It actually should be called southern Florida.


South is a direction. Southern is used to describe a region or area.

There's North Carolina and South Carolina and North Dakota and South Dakota. But south Florida isn't a state, it's part of the state of Florida. Let's look at California. Is southern California ever called south California?

I used the phrase south Florida too. I live here. It's just that way.

Now let's look at university names. There's the University of South Florida and The University of North Florida. This makes no sense to me. When did the state divide into two? I guess the University of Central Florida should really be called the University of Center Florida...
Oh, it gets better. The University of South Florida (where my office is that I'm sitting in right now) in Tampa is in the center of Florida on the west coast. That always confuses people, who seem to think when they hear the name of USF that I'm in Key West or Miami or Ft.Myers, all far south of here.

My pet theory is that when USF was founded (1956), this was South Florida, essentially. Florida wasn't really settled heavily until air conditioning was affordable and commonly available. Tampa was the end of the railroad line (Teddy Roosevelt and his Rough Riders got off the train and sailed to Cuba from here).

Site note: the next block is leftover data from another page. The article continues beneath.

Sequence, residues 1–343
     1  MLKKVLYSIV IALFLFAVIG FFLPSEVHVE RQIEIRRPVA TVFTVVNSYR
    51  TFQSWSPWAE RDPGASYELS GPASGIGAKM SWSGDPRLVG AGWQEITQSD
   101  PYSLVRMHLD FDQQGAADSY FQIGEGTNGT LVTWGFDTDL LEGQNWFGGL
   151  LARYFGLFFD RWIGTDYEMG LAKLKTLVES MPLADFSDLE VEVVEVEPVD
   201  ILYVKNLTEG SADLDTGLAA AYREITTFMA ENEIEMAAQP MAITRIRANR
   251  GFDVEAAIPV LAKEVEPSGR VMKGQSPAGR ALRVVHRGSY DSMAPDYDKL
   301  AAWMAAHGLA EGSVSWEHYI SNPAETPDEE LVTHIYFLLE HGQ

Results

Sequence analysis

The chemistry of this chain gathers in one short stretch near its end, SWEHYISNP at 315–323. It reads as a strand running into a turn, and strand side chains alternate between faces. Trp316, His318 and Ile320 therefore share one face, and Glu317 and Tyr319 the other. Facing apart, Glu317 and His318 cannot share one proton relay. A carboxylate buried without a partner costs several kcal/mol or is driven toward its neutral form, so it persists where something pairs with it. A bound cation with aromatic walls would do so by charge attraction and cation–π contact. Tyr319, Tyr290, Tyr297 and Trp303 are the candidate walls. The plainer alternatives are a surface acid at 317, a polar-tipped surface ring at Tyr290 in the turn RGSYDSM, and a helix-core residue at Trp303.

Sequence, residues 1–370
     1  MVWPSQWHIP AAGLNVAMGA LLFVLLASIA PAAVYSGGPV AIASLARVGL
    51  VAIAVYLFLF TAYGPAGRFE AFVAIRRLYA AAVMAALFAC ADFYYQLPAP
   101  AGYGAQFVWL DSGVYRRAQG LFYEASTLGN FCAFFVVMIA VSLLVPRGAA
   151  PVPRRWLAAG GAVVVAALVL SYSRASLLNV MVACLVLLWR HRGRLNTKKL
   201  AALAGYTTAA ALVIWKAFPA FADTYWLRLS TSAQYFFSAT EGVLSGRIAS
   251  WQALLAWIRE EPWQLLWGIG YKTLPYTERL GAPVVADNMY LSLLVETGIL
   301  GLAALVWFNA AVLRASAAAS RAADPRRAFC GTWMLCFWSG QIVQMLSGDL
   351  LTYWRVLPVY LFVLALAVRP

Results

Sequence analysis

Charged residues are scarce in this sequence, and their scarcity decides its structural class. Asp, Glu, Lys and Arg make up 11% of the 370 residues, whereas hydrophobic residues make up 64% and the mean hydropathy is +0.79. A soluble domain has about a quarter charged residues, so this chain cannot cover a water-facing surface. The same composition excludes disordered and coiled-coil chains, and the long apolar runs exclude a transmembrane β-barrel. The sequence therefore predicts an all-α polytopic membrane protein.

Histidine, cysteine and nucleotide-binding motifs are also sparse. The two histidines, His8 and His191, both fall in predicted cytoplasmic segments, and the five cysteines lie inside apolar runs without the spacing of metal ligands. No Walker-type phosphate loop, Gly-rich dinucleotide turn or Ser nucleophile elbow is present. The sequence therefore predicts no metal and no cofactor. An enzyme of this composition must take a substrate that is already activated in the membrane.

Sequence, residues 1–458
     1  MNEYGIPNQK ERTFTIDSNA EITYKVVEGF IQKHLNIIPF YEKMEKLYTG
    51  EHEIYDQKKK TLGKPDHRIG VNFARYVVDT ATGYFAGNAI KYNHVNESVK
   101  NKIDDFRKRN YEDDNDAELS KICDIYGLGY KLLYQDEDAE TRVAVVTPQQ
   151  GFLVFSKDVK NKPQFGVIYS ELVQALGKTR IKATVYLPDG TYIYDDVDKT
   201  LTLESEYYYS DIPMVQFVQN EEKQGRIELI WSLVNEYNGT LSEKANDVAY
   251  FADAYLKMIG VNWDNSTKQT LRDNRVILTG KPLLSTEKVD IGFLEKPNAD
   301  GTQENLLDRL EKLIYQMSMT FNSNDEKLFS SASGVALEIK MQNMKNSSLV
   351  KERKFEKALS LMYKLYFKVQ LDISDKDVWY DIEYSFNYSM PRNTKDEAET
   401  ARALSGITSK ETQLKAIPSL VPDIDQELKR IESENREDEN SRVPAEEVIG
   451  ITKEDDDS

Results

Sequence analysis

South Florida and North Florida are the two competing sides of the state of Florida that have been at a fairly good equilibrium for the last decade or two: their front is roughly along Interstate 4. In general, South Florida refers to Miami, Ft. Lauderdale, West Palm, and their suburbs. Key West, Jupiter, and other cities in the region are, on rare occasions, tossed into the mix, but generally the idea of South Florida is that it's the hip, liberal, urban, Span-o-phonic side of the state.

North Florida, on the other hand, is represented best by Jacksonville, Pensacola, Gainesville, and Tallahassee, by cows, plantations, and military bases. The coast of the Gulf of Mexico around the Florida panhandle (especially around Panama City) is affectionately known as the "Redneck Riviera."

Tampa and Orlando are sort of in limbo between the two sides, because they have a very strong old-school conservative core that is slowly being pushed out by the same migration from the Northeast that populated South Florida in the first place. Whether they will end up like Miami in twenty or thirty years is pretty much a moot point, since the whole state will have sunk into the ocean by then.

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